Alberta farm workers should not get overtime pay, working group says
Group says family members who are employed at farms and ranches should be exempt from all employment standards
A group examining ways to apply employment standards to Alberta's agriculture sector recommends that farm workers should not get overtime pay.
The Employment Standards Technical Working Group has been reviewing the standards to see how they could apply to farm and ranch workers.
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The group says standards to deal with pay, employment records, job-protected leaves and termination notice should apply to the workers.
But it recommends having no set hours for work or breaks, and no overtime pay.
It recommends that non-family employees get four days off every 28 days, at the employer's discretion.
The group says family members who are employed at farms and ranches should be exempt from all employment standards.
"The application of standards would be impractical and unfeasible, as well as burdensome, without providing any benefit," the group recommends in a report released Monday.
The group says non-family workers aged 12 and 13 should be allowed to work a maximum of 20 hours per week.
Parental consent needed for young workers
For non-family workers under 16, the work must "not be detrimental to health, education, or welfare and parental consent must be obtained by employers."
It suggests sufficient time be allowed to phase in changes and sessions be offered to teach farm owners about the employment standards.
Another recommendation was that non-family workers under 16 be paid 75 per cent of the minimum wage rate, but that was not agreed to by the whole group.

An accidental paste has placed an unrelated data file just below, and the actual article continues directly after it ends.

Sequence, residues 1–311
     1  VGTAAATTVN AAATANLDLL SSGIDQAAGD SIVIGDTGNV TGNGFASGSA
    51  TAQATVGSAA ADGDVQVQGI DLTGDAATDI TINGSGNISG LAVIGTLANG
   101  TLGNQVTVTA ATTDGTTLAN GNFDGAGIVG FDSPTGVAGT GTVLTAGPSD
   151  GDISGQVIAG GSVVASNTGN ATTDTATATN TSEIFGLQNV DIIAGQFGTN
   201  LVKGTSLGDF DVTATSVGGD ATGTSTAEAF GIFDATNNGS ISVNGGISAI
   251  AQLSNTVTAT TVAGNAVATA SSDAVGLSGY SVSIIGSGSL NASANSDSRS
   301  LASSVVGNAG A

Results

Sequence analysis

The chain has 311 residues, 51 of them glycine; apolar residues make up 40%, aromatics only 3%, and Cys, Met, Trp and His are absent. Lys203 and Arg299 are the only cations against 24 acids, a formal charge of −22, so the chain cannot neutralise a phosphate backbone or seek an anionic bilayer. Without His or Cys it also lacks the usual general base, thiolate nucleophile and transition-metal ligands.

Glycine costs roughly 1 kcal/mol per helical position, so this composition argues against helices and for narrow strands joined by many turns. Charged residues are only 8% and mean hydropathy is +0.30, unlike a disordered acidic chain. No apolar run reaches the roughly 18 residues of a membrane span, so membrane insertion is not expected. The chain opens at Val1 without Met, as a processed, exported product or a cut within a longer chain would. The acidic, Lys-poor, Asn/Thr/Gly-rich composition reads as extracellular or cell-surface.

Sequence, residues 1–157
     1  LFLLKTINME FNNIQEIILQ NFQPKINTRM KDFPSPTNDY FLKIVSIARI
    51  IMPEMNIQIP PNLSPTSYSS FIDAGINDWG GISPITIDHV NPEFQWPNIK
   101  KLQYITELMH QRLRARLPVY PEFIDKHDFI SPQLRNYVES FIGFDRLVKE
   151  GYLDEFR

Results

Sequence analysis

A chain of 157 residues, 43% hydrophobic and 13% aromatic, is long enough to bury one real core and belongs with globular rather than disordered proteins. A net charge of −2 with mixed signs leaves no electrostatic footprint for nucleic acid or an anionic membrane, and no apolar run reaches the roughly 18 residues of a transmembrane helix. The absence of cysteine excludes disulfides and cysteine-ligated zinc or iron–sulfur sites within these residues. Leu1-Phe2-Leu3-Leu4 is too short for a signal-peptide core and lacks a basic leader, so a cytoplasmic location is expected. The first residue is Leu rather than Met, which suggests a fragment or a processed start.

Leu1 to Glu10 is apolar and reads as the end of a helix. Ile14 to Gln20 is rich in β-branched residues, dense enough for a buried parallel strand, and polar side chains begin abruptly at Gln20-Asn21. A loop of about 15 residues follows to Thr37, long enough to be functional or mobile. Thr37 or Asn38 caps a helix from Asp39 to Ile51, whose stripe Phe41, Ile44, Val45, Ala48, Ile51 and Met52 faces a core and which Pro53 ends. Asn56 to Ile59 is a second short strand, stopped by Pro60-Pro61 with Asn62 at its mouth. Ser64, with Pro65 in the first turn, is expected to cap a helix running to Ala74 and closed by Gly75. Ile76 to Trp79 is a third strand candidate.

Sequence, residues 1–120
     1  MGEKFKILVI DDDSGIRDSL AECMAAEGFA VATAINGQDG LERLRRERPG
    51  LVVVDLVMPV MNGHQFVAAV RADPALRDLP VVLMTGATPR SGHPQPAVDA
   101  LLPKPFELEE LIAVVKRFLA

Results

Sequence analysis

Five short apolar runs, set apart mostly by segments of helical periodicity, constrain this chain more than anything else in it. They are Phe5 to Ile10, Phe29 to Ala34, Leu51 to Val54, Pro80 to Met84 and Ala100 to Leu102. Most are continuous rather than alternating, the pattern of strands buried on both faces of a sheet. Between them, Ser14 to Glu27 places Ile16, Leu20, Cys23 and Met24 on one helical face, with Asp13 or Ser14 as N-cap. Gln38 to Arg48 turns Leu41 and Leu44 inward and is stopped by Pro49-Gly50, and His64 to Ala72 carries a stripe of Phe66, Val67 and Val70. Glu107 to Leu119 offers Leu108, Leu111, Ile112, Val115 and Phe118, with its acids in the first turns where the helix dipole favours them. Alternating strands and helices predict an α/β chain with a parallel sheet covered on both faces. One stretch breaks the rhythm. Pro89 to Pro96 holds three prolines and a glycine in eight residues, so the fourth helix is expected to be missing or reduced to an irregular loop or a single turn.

Alberta passed legislation that took effect in January 2016 to include farm and ranch workers in general occupational health and safety rules.
The changes in that legislation ignited protests at the legislature and threats to Premier Rachel Notley and some of her cabinet.
In May 2016, six technical working groups began developing recommendations on how employment standards, labour relations, and occupational health and safety requirements could be applied to meet the needs of the agriculture industry.
The technical working groups that reviewed employment standards and labour relations, which included members from the agricultural sector, labour groups and technical experts, have completed their work.
Their recommendations are now posted online and Albertans will have until April 3 to give feedback to government.
Government will begin drafting legislative amendments based on the recommendations and any feedback.
Liberal Leader David Swann said he fears the NDP will back down on protecting farm workers.
"The big industrial agriculture operations that are used to having things their way will continue to fight against common-sense regulations ... around employment standards," he said.
"This government desperately wants to build relationships with the rural community."
With files from CBC